Research Article: Systemically transplanted mesenchymal stem cells induce vascular-like structure formation in a rat model of vaginal injury

Date Published: June 13, 2019

Publisher: Public Library of Science

Author(s): Ofra Ben Menachem- Zidon, Michal Gropp, Etti Ben Shushan, Benjamin Reubinoff, David Shveiky, Gianpaolo Papaccio.


The beneficial effect of mesenchymal stem cells (MSCs) on wound healing is mostly attributed to a trophic effect that promotes angiogenesis. Whether MSCs can contribute to the formation of new blood vessels by direct differentiation is still controversial. Pelvic floor dysfunction (PFD) is a group of disorders that negatively affect the quality of women’s lives. Traditional vaginal surgical repair provides disappointing anatomical outcome. Stem cell transplantation may be used to supplement surgery and improve its outcome. Here we aimed to examine the engraftment, survival, differentiation and angiogenic effect of transplanted MSCs in a vaginal injury rat model. MSCs were obtained from the bone marrow of Sprague Drawley (SD) rats, expanded and characterized in vitro. The MSCs expressed CD90 and CD29, did not express CD45, CD34, CD11b and CD31 and could differentiate into osteogenic, chondrogenic and adipogenic lineages. Cells were labeled with either PKH-26 or GFP and transplanted systemically or locally to female SD rats, just after a standardized vaginal incision was made. Engraftment after local transplantation was less efficient at all-time points compared to systemic administration. In the systemically transplanted animal group, MSCs migrated to the injury site and were present in the healed vagina for at least 30 days. Both systemic and local MSCs transplantation promoted host angiogenesis. Systemically transplanted MSCs created new vascular-like structures by direct differentiation into endothelium. These findings pave the way to further studies of the potential role of MSCs transplantation in improving surgical outcome in women with PFD.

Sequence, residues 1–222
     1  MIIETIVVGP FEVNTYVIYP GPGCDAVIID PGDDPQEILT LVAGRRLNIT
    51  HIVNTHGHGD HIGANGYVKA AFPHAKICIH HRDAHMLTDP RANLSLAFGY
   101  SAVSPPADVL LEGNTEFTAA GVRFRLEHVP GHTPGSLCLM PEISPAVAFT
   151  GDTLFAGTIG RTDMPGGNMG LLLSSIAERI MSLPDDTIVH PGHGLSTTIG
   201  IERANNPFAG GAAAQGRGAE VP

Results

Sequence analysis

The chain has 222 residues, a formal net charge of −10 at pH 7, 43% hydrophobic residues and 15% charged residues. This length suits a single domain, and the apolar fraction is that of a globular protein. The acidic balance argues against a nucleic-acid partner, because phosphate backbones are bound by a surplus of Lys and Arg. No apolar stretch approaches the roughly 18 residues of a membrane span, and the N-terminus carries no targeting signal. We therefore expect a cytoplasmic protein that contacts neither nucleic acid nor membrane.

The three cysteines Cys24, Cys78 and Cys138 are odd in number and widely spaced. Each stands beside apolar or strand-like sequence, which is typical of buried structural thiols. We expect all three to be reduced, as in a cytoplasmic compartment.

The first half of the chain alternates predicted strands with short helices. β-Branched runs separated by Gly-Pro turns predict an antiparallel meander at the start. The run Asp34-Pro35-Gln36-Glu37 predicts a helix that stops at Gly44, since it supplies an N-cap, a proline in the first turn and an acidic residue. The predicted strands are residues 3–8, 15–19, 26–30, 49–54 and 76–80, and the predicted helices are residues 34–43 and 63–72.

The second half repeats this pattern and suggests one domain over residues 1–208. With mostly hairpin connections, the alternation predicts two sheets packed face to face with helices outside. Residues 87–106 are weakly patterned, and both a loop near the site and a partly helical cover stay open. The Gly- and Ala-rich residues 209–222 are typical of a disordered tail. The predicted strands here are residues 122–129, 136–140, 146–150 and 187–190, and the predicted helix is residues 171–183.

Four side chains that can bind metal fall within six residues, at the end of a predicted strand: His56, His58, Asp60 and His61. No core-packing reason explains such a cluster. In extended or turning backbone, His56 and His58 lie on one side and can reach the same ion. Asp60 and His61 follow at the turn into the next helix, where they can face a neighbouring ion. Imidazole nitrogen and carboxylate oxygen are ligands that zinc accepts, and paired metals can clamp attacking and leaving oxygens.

Partial Text

Mesenchymal stem cells (MSCs) have been reported to possess a potential therapeutic effect in various human pathological conditions [1–3]. They can be isolated from several sources, including bone marrow [4], adipose tissue [5], muscles [6], dental pulp [7,8], endometrium [9] and umbilical cord [10,11].

This study was approved by the Hebrew University Animal Care and Use Committee. Sprague Dawley (SD) female rats were held at the SPF unit in Hadassah medical school with food and water ad libitum. All rats were 10 weeks old, with an average weight of 200gr, when operated.

In this study, we have shown that systemic transplantation of bone-marrow derived MSCs after vaginal incision was associated with homing of the transplanted cells to the injury site and their survival for at least 30 days. MSCs transplantation induced the formation of new blood vessels by angiogenesis. In addition, the transplanted cells differentiated in vivo into endothelial cells within capillary-like structures.




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